Study Guide

The American What's Up With the Ending?

By Henry James

What's Up With the Ending?

When Newman burns the letter containing the juicy Bellegarde family secret, he's committing to move on with his life. Of course, Newman has to end the Claire saga of his life in the presence of Mrs. Tristram, his longtime pal and confidante.

She gets the final say:

"I suppose there is no harm in saying that you probably did not make them so very uncomfortable." (26.34)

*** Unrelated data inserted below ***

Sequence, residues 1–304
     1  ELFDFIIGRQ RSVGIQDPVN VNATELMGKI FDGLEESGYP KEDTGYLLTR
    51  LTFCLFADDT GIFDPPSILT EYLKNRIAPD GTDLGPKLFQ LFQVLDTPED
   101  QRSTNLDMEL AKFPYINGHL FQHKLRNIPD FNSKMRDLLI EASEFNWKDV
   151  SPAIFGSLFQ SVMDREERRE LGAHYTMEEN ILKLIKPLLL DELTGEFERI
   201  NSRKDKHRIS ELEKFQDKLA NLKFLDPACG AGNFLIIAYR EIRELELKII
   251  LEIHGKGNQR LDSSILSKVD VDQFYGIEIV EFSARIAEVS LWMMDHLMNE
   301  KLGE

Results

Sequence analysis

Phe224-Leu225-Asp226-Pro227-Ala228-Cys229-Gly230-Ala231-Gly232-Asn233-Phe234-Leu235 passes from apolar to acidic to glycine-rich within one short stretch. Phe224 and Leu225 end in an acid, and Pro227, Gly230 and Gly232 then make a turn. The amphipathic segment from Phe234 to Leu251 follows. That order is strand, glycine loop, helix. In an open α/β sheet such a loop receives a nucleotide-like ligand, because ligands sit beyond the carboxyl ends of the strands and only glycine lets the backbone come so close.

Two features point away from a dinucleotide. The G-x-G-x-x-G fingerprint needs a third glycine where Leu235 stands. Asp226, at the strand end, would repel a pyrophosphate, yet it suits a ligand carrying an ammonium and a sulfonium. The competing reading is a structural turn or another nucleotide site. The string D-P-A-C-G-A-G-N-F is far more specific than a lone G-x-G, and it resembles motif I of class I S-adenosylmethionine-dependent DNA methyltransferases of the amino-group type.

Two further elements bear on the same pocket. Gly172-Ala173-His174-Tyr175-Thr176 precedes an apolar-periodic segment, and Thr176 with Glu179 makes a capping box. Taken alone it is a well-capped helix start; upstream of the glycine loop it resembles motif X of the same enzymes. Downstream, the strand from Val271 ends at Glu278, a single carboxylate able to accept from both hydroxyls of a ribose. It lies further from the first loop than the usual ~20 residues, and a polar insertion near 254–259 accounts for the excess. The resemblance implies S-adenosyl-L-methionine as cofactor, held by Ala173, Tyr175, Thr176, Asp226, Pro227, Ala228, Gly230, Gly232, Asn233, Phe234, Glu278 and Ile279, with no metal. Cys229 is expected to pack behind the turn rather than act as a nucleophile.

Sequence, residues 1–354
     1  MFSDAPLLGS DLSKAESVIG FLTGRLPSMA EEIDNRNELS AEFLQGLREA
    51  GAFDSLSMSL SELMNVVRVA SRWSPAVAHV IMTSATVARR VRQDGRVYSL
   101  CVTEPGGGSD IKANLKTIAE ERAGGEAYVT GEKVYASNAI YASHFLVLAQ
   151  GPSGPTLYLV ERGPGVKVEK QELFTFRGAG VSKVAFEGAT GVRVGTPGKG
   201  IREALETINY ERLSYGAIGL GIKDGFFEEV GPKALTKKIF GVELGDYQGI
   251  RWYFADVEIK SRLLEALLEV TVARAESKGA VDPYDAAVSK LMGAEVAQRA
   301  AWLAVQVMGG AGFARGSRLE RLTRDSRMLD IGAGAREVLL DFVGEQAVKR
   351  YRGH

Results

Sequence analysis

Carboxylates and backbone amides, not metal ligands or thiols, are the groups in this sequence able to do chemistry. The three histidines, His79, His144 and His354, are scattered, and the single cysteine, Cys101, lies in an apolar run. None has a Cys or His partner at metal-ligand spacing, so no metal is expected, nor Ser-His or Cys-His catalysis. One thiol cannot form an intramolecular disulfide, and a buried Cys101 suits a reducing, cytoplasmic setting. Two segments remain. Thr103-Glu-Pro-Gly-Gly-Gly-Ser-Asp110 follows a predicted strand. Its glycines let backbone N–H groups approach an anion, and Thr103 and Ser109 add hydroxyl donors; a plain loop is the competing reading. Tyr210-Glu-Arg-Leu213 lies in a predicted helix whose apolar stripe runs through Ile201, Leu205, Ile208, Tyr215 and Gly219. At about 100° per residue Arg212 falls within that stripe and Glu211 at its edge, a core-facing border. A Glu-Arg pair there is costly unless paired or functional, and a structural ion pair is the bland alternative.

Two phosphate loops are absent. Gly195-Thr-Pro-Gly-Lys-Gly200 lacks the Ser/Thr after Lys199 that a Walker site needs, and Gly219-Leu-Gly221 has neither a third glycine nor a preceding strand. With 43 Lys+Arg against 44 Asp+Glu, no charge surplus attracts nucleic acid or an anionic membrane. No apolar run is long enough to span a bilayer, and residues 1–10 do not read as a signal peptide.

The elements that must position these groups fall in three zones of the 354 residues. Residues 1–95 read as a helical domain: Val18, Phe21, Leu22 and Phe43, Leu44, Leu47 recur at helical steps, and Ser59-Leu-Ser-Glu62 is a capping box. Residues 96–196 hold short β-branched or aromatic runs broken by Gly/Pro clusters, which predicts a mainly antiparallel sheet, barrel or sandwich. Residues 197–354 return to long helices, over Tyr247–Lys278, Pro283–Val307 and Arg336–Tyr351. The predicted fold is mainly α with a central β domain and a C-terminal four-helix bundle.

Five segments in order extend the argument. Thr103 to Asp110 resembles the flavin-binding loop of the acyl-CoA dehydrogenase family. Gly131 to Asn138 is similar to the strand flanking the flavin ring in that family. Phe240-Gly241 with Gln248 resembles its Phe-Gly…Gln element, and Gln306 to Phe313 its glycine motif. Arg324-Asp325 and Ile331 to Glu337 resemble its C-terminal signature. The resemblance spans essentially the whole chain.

Just to be clear, Shmoopers, that's a bit of a burn. The Bellegardes have left a gaping Claire-sized hole in Newman's heart, but he hasn't really affected them that much.

Newman's a good guy, though. He wouldn't really blackmail the Bellegardes, would he? But still, he can't help checking to see if the letter is totally burnt up after Mrs. Tristram drops her truth. Hey, it's human nature.

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